The most important phase of ACL rehab (info)

Posted on April 2, 2014

(Last Updated On: April 1, 2016)

For a long time I’ve debated putting out an ACL resource. Because the rehab is so long, usually at least 6 months, I wrestled with attempting to make something covering that much time. So much can happen in 6+ months, everyone’s timeline is going to be different, goals are individual.

Over the last few years, after going through my own anterior cruciate ligament reconstruction, working with others, and talking to many others (a great deal from this website), I noticed a reappearing theme: People can’t get out of the first month.

They wake up from surgery and have absolutely no idea what to do from there.

“When can I walk?”

“How long should I be using crutches?”

“When can I bend my leg again?”

“Is there a risk of screwing up the graft?”

“How can I better deal with the pain?”

“When should I start physical therapy?”

The last question, when does one start physical therapy, was a primary impetus for me deciding to put something together.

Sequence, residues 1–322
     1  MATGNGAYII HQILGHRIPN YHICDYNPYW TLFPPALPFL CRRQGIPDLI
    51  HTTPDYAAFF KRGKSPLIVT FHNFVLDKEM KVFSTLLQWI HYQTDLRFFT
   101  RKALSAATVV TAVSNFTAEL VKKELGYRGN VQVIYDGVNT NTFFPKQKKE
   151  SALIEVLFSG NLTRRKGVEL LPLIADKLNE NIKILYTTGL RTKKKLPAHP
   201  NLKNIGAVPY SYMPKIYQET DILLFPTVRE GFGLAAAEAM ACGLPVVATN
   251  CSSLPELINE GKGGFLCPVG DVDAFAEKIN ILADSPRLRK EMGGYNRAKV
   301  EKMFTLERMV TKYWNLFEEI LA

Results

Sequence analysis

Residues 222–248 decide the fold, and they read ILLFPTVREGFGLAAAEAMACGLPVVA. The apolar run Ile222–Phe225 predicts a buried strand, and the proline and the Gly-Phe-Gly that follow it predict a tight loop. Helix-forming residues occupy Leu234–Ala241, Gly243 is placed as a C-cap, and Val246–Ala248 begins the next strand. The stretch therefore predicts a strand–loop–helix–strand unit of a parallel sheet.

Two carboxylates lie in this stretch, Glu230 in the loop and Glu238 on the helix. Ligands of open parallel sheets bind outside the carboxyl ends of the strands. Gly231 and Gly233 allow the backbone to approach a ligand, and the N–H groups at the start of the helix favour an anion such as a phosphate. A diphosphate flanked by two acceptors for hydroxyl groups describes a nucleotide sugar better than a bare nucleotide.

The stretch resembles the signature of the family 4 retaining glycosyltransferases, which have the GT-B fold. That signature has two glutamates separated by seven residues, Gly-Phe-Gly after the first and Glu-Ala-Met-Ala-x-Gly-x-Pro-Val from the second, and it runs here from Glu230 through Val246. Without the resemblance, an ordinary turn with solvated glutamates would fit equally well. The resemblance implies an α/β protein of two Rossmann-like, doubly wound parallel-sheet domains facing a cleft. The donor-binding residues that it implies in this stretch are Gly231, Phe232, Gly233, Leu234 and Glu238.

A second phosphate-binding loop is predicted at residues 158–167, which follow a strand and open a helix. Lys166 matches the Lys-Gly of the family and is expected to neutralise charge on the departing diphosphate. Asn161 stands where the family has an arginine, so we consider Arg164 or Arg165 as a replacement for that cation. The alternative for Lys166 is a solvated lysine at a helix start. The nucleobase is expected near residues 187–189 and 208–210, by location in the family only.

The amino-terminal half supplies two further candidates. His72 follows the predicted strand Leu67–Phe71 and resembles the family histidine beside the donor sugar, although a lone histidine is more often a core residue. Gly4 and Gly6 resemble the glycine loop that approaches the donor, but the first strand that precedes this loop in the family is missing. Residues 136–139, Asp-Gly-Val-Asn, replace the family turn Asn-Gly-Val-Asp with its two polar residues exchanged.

After an ACL reconstruction, physical therapy does not start in one month, it does not start in two weeks; physical therapy, and your recovery from this significant injury, starts the minute you wake up from surgery.

I’ve encountered too many people starting their therapy 2-4 weeks post-op. Initially, my sympathy for those starting therapy this late, enduring the host of issues that come with such an approach, wasn’t much. People don’t research this operation thoroughly enough. However, over time I’ve noticed another theme: People aren’t taken care of physical therapy wise.